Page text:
National Security Act

  • The National Security Act of 1980 is an act of the Indian Parliament whose purpose is “to provide for preventive detention in certain cases and for matters connected therewith”. The act extends to the whole of India except the State of Jammu and Kashmir. It was passed during the Charan Singh Government.
  • This act empowers the Central Government and State Governments to detain a person to prevent him/her from acting in any manner prejudicial to the security of India, the relations of India with foreign countries, the maintenance of public order, or the maintenance of supplies and services essential to the community it is necessary so to do. The act also gives power to the governments to detain a foreigner in a view to regulate his presence or expel from the country.
  • The other enactments relating to national security are the Unlawful Activities (Prevention) Act, 1967, the Criminal Law Amendment Act, the Official Secrets Act, 1923, Chapters 6 and 7 of the Indian Penal Code etc.
  • India had a long history of preventive detention laws like the Defence of India Act of 1858, The Government of India Act of 1935, the Preventive Detention Act of 1950, the Maintenance of Internal Security Act in 1971 and the NSA in 1980.
  • The only period in the Indian “republic without any preventive detention law was the three year period, beginning with the repeal of MISA in 1977 to the promulgation of the NSA in 1980.
  • The maximum period of detention is 12 months, but the detention should be reported to the State Government along with the grounds on which the order has been made. No such order shall remain in force for more than twelve days unless approved by the State Government.
Reasons for failure of the Act:
  • A striking feature of the Act is that the government can detain a person for as long as it wishes to. This is made possible by the powers of the government to continue to detain a person even after the expiry or revocation of the original detention order on the plea that fresh grounds of detention have arisen.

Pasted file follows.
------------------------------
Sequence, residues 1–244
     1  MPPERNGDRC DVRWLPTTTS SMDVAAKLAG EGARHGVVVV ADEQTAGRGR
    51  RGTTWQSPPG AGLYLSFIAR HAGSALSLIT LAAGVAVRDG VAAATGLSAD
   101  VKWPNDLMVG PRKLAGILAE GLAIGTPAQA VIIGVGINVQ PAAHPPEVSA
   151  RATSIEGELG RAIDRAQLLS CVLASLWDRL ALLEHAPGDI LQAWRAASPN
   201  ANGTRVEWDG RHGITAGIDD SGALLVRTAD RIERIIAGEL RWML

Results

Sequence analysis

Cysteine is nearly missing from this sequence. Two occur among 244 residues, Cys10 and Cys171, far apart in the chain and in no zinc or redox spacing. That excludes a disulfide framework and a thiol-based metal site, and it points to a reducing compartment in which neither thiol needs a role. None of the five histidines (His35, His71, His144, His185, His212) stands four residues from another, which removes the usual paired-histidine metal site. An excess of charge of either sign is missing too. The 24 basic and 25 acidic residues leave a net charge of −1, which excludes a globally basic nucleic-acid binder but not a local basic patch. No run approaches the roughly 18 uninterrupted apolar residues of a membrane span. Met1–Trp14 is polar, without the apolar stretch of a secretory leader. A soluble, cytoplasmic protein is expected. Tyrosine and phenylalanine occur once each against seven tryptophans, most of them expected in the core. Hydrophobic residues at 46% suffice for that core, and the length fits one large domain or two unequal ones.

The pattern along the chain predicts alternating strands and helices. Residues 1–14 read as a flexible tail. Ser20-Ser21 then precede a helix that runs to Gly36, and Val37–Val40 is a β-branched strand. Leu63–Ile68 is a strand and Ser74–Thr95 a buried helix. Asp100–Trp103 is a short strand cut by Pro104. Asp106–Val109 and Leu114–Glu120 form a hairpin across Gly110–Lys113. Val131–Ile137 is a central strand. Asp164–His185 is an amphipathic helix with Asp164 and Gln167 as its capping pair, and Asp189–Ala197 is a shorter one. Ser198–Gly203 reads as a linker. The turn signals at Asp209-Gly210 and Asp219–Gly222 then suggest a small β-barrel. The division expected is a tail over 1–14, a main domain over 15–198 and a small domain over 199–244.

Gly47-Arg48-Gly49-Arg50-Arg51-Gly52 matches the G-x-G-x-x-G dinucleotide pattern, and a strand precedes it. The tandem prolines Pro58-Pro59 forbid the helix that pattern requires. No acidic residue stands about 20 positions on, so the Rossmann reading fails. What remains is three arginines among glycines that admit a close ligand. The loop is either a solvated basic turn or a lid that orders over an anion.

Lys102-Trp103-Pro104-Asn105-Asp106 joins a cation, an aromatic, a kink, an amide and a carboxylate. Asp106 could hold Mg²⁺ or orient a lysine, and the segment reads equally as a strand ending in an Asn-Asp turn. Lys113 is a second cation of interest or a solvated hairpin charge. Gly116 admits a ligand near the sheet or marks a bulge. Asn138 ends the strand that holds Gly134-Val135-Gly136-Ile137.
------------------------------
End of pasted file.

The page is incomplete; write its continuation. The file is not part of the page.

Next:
• First, there are the detentions that are based on political or ideological differences. This goes against the basic spirit of the Indian Constitution. Though the courts have generally overturned such detentions but this was not before the political prisoner has spent many months in prison.
  • Second, there is the detention of suspected criminals for acts that can properly be dealt with by the ordinary criminal law. Although this type of abuse receives little or no publicity, it has been widespread since the NSA was passed in 1980.
Possible solutions:
Given that India occasionally staggers through spasmodic bouts of violence and disorder, it is possible that very narrowly tailored preventive detention laws with stringent judicial controls could be appropriate to counter such threats, at least in times of particular unrest.
  • Increasing the accountability of the governmental authorities,
  • Tailoring the law more narrowly to the truly serious threats to India’s security, and
  • Refining the language of the NSA so as to make it less vague and, therefore, less susceptible to abuses and creative interpretations from executive authorities, are fundamental if abuses are to be checked.
In the state of Jammu and Kashmir, the more stringent preventive detention law, the Jammu and Kashmir Public Safety Act, which was passed in 1978, covers while in North East India, the Armed Forces Special Powers Act operates.



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